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Don’t drive yourself to the ER

If you think you’re having a heart attack, do not get in your car and drive to the ER, urges Dr. Cullen. “We actually had someone who died right outside the hospital,” he remembers. Dr. Gulati says she’s known patients who passed out on their way to the hospital. In addition, most ambulances have a lot of equipment to take care of heart attacks right at the scene, so if you call 9-1-1, treatment can begin almost immediately.

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Don’t wait for the ambulance upstairs

In order to help emergency responders help you, being on the ground floor of your home is better than being upstairs, says Dr. Cullen. But he’s quick to add that people should only move downstairs if it’s easy for them and especially if they have help. Check out 50 more secrets from emergency room staff.

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Get someone to clear a path to you

If you’re able, make sure your door is unlocked, and wait in a comfortable, accessible spot. “Find a place to sit down where we can get to you and have some room for a stretcher,” says Tindel. “Most of the time my cardiac patients sit on their sofas or a chair in their living room.”

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Try to relax

“The most important thing you can do is remain calm,” says Tindel. And keeping your breathing under control is essential. “Hyperventilating increases the heart’s demand for oxygen,” he explains, “and if part of your cardiac muscle isn’t getting the oxygen it needs tissue damage will occur faster if demand is higher.” So find a place to sit down, and take slow deep breaths, Tindel advises.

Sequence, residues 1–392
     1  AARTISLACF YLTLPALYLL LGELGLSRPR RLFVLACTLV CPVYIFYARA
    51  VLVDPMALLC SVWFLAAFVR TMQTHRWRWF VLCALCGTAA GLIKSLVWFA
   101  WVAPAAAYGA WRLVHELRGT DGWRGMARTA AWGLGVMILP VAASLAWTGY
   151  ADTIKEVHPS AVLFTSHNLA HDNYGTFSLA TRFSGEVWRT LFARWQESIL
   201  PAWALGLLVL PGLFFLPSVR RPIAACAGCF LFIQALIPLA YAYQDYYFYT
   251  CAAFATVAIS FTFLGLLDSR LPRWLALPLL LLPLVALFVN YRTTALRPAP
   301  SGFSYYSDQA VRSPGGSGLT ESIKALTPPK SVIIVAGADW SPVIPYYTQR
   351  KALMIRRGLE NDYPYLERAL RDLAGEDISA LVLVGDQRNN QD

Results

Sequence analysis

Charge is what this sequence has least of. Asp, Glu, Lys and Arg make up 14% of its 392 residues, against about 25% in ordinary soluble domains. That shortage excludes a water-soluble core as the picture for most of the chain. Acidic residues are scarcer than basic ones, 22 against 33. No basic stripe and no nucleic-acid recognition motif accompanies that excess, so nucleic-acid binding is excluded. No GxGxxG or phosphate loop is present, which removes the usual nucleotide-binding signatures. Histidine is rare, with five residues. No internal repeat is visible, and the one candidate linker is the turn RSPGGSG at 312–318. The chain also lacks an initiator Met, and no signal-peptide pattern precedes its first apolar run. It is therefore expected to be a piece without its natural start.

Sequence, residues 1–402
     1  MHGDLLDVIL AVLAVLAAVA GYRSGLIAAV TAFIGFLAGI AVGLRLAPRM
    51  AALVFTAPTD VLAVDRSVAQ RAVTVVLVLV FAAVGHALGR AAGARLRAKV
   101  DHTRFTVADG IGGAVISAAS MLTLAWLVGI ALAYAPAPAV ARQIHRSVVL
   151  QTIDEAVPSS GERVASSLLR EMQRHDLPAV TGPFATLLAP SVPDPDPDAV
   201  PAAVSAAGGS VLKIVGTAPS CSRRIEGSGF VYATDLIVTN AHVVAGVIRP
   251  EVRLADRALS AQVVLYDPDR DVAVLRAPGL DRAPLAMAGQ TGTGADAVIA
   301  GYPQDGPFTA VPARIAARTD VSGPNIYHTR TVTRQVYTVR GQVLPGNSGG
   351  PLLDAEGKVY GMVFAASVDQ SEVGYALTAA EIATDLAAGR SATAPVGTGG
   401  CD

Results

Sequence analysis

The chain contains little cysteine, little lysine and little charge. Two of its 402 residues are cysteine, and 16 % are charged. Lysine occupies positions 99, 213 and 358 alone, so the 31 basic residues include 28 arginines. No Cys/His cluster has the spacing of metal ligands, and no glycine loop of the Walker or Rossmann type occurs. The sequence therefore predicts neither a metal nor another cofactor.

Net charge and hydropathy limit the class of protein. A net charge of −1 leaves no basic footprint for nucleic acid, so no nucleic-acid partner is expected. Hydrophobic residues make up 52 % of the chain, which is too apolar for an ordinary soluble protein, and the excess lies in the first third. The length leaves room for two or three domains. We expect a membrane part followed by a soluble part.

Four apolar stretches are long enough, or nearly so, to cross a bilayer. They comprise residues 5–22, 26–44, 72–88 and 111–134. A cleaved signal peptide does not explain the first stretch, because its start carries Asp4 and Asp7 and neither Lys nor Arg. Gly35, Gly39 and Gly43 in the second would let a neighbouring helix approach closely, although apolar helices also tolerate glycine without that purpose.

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Bring any pills you’re taking with you—including herbal remedies

Having a clear, up-to-date list of your medications and their dosages is helpful for any emergency, not just a heart attack, says Tindel. “We’re familiar with most commonly prescribed medications and can understand much of your medical history by just seeing what drugs you take,” he explains. “Having a concise medication list in your wallet or purse saves time, and if you’re unconscious, it provides us with invaluable information.” If you don’t have a list prepared, just scoop your bottles into a bag to take in the ambulance. “I love it when people bring in their medications,” says Dr. Cullen, specifying that you should include any herbal supplements, because some of them have an impact on the heart. “We could also weed out the ones you don’t need anymore and get rid of them,” he adds. Learn about the dangers of taking too many medications.

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You may not go to the closest ER

Medical facilities differ in their ability to treat heart conditions, says Tindel. If a cardiac event is suspected, the standalone ER down the street won’t be able to handle your problem. “Your paramedics may need to bypass the closest emergency department for a hospital that has cardiac surgeons and specialized cardiac wards,” he says. “Our job is to get you to definitive care, the place that will help you the most and resolve your emergency condition.”

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If you see something, do something

If you’re with someone who’s having a heart attack, and you think they’ve stopped breathing, start CPR so you can save a life, says Dr. Gulati. If the person is conscious, in addition to calling 9-1-1, you could have them sit down and remain calm, loosen any tight clothing, and if they have been prescribed medication for chest pain, like nitroglycerin, help them take it; give them an aspirin to chew if one is handy. And keep these additional, life-savings steps in mind if you see someone having a heart attack.